Polycystic Ovary Syndrome/Disease (PCOS/PCOD) – The facts
A Macrobiotic practitioner who considers all the events that caused a particular health im-balance also understands that only food can get you where you are and then help you out of the situation. For all those of you dealing with PCOS/PCOD you know your hormones are out of balance, but ask yourself what got you there in the first place? I feel if I answer this question, then maybe you will be able to reverse your PCOS/PCOD, which I have done successfully with many of my clients. Also, why is it that more and more teens, girls in their 20’s and 30’s are afflicted with this syndrome?
What are the possible causes, and how to treat them holistically?
Most women who have PCOS have high androgens (male hormones) and high insulin. In most cases, there is a strong link between ovarian cysts and the consumption of excess sugar and refined carbohydrates in the diet. These foods cause insulin levels to spike, which stimulate the production of androgens that are the male hormones from the ovary, which leads to ovarian cysts. I get at least 2 calls a week for issues of PCOS and usually among young women aged anywhere between the ages of 16 going up to their early 40s. They come because of their skin and hair growth sometimes even on the face, and almost all of them have insulin resistance. I have worked with many to clear this issue up, by simply teaching them how to swap their bad carbs for good ones; and putting a diet in place that helps them to stay healthy and bring the sugar response under control. There are reasons!
Your ovaries and the foods you eat
The ovaries in shape look like eggs, in Macrobiotic parlance, they are round to oval, compact and concentrated ‘yang’ energy. They get hurt by the foods that carry the same energy, so naturally, eggs will hurt them, as will animal foods, anything that brings in the same energy; by this, I mean contracted energy, both eggs and meat have this contracted energy (yang).Then, why would dairy foods also be a culprit? Dairy is ‘yin’ in its energy not ‘yang.’ Here I bring in how women with PCOS/PCOD are hurting themselves even before this condition has happened to them. The common thread that runs between all PCOS/PCOD cases, is women have erratic food habits and they swing between ‘yang’ and ‘yin’ foods over a long period. So on one hand they are eating eggs, meats, junk (absolutely dense:yang) foods; and on the other, they are consuming dairy foods, coffee, tea, alcohol and sugar (yin). Over some time, with the pressure of their lifestyles, they develop a condition which hurts their endocrine system, the sex and stress hormones lose their ability to sync themselves together and then the hormones are thrown out of whack and lo! you land up with PCOS/PCOD.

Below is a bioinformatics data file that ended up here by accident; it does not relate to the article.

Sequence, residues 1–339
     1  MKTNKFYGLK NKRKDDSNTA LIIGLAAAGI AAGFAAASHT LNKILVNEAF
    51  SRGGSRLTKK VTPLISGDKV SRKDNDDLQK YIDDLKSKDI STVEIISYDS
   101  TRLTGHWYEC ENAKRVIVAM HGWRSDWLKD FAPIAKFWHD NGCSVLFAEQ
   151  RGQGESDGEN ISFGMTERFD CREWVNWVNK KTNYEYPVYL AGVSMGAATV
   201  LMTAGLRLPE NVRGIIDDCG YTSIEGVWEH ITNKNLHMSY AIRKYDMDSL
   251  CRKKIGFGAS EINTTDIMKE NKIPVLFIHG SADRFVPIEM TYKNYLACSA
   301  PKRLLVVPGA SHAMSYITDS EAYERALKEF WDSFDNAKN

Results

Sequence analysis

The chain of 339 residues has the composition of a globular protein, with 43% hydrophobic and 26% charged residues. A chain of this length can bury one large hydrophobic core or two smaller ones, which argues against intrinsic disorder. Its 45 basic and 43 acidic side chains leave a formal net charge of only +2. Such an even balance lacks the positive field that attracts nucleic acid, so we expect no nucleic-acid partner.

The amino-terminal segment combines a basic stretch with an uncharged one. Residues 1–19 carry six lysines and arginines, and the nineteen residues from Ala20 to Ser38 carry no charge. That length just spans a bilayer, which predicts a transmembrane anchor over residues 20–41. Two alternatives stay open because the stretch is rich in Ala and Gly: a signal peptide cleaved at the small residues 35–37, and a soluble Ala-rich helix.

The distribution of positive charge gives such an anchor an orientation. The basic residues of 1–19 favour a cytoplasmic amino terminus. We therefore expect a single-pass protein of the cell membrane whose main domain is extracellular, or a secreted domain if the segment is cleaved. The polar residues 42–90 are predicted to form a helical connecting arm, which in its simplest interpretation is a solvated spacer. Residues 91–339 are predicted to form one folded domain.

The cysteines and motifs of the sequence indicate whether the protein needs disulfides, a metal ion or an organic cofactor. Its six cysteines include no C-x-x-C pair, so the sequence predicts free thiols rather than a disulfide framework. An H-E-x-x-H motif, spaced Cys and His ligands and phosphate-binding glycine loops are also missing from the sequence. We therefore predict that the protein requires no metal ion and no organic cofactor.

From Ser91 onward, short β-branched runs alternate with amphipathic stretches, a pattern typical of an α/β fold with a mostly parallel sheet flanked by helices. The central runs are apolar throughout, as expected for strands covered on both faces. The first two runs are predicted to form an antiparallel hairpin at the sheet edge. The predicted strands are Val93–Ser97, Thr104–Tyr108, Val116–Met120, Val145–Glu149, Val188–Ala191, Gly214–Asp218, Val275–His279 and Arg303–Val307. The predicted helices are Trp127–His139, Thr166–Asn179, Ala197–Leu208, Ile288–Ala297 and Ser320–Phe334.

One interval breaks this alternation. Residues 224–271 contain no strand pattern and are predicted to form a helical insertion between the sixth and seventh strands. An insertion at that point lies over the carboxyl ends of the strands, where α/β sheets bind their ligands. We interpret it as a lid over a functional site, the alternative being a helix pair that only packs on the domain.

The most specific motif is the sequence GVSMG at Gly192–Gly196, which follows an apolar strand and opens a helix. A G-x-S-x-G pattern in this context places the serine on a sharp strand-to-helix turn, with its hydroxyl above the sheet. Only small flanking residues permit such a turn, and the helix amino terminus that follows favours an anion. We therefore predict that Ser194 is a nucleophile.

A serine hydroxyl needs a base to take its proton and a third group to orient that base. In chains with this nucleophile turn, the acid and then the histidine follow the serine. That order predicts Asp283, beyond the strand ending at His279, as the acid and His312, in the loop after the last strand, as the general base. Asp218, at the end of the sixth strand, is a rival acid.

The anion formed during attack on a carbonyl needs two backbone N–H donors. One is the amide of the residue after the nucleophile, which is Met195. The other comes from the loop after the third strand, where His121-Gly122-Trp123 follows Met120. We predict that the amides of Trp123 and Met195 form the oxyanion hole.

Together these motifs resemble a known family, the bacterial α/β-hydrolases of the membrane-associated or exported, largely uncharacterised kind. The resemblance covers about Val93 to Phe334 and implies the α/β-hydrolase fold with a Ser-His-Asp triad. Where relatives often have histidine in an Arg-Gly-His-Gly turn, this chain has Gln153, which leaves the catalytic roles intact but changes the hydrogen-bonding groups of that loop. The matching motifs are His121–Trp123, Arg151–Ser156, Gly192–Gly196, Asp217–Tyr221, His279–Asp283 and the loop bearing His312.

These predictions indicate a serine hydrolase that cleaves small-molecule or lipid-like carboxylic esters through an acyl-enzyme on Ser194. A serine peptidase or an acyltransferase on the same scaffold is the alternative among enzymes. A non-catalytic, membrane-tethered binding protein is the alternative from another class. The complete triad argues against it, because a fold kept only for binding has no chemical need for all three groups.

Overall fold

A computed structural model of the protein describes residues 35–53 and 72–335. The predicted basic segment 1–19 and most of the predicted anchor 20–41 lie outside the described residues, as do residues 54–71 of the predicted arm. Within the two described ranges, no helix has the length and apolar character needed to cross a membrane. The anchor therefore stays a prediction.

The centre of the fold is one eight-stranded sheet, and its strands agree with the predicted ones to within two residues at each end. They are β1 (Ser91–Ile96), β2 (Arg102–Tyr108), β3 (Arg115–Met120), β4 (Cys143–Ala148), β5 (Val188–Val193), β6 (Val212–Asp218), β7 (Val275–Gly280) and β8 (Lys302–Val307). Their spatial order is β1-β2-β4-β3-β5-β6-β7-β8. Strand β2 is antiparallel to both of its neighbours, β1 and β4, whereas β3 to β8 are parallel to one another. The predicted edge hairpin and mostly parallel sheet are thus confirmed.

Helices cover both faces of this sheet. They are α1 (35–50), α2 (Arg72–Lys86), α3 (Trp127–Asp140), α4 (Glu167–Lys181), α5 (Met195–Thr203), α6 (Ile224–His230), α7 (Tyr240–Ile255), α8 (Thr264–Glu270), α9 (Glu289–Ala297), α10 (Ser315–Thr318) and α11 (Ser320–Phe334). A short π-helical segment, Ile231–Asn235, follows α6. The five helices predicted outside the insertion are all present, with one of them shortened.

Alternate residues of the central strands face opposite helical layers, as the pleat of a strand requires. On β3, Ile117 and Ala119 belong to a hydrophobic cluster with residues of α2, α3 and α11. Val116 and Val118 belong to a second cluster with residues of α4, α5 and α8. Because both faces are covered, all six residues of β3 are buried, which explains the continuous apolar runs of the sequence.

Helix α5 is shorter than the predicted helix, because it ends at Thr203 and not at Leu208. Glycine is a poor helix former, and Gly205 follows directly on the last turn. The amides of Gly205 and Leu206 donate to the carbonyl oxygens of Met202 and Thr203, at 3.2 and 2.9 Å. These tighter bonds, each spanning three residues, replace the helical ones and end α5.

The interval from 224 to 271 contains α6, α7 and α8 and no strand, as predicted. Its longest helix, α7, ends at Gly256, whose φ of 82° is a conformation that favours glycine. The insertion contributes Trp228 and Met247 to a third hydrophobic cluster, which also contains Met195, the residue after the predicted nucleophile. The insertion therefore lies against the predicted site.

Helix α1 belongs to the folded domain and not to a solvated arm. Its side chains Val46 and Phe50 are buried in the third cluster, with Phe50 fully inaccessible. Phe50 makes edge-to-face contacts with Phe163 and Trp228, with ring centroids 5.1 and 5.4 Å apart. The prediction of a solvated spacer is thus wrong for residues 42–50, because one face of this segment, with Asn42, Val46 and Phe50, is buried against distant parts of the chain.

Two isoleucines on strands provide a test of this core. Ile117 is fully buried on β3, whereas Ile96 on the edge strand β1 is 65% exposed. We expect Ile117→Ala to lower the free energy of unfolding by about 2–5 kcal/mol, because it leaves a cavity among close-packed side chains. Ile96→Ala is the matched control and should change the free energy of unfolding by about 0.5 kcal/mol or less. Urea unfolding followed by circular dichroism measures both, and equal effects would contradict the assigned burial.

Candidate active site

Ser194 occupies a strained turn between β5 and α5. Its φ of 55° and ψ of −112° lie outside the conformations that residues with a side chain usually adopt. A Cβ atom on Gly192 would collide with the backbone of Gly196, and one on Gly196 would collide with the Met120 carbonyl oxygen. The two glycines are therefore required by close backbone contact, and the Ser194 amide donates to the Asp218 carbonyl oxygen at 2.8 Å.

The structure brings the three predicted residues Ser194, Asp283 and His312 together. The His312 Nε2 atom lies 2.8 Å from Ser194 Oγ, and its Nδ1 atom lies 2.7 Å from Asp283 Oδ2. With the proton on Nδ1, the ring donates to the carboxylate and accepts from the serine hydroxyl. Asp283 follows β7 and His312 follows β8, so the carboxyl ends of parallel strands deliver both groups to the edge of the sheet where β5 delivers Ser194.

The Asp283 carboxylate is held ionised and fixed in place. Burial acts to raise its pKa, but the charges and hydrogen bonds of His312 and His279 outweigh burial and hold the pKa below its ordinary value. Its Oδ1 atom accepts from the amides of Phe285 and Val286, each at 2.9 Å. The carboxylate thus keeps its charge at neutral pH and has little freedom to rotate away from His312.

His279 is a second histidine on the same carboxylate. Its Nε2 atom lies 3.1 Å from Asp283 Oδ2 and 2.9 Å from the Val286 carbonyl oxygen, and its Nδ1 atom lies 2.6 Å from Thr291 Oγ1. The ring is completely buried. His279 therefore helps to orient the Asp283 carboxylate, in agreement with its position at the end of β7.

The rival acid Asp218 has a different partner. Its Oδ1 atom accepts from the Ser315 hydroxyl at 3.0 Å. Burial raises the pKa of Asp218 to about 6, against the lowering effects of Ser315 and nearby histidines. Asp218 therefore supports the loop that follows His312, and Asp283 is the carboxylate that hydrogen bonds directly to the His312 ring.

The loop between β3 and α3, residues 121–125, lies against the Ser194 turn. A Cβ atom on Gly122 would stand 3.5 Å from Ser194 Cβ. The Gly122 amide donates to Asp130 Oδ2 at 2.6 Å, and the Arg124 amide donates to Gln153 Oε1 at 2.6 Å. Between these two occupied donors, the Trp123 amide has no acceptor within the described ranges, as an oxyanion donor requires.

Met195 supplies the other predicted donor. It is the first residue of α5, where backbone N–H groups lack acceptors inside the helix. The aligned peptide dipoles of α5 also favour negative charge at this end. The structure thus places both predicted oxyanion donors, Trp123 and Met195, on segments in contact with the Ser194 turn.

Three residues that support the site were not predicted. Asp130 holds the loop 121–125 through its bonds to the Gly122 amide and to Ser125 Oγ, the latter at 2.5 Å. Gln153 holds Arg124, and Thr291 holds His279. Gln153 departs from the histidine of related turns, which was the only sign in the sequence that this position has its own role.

What goes off in PCOS/PCOD
- Insulin sensitivity begins i.e., blood sugar imbalances start
- Your estrogen and progesterone get out of balance; causing more free estrogen to float around in the body (not good estrogen, but toxic estrogen)
- There is a surge of male hormones (androgens) testosterone and prolactin
- The cortisol levels in the body also get pushed into an overdrive mode
What I do for PCOS/PCOD
With all my clients I have seen adopting a ‘middle path’ as I call it; wherein we bring in whole grains, legumes, vegetables, some fruit, sea vegetables, good quality enzymes via fermentation we normalize this erratic eating of foods and patterns, and over four months the condition starts receding and hormones normalize. You can start by keeping of the dairy, eggs and meats and not yo-yo between these and the simple sugars (which includes refined carbohydrates), alcohol, coffee and tea (which would keep insulin levels under check as well).
Healthy women should have normal menstrual cycles, anything that interferes with this is a sign of imbalance. This is the first reaction from your body saying ‘hey pay attention to me, you are doing something wrong.’ You are not meant to have acne, facial hair, pelvic pain, weight gain and anxiety. So if you are there at the moment, then you put yourself there and only you can get yourself out with the right foods. I feel understanding what put you there in the first place is a good start.
The first step in understanding an ailment is isolating its triggers, and asking ourselves why did this happen to us in the first place? Polycystic ovary syndrome or commonly referred to as PCOS or PCOD usually happens to women leading erratic lifestyles viz-a-viz their relationship to food and how they consume them.
Symptoms of PCOS/PCOD
- Excessive hair on the chin, upper lip, breasts
- Difficulty in losing weight due to high insulin levels
- Hair fall due to excess androgens